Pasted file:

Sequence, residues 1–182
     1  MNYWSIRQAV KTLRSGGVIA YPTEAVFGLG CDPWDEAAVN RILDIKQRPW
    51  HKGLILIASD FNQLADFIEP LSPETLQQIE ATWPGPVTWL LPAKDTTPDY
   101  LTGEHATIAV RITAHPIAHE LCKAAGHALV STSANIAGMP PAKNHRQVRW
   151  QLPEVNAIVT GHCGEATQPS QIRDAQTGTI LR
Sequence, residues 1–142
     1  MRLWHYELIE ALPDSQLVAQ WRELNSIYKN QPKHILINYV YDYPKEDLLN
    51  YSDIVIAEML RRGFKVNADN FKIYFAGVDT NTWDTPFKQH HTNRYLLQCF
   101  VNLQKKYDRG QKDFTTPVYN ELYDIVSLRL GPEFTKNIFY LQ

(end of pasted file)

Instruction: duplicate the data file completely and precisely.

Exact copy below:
Sequence, residues 1–182
     1  MNYWSIRQAV KTLRSGGVIA YPTEAVFGLG CDPWDEAAVN RILDIKQRPW
    51  HKGLILIASD FNQLADFIEP LSPETLQQIE ATWPGPVTWL LPAKDTTPDY
   101  LTGEHATIAV RITAHPIAHE LCKAAGHALV STSANIAGMP PAKNHRQVRW
   151  QLPEVNAIVT GHCGEATQPS QIRDAQTGTI LR
Sequence, residues 1–142
     1  MRLWHYELIE ALPDSQLVAQ WRELNSIYKN QPKHILINYV YDYPKEDLLN
    51  YSDIVIAEML RRGFKVNADN FKIYFAGVDT NTWDTPFKQH HTNRYLLQCF
   101  VNLQKKYDRG QKDFTTPVYN ELYDIVSLRL GPEFTKNIFY LQ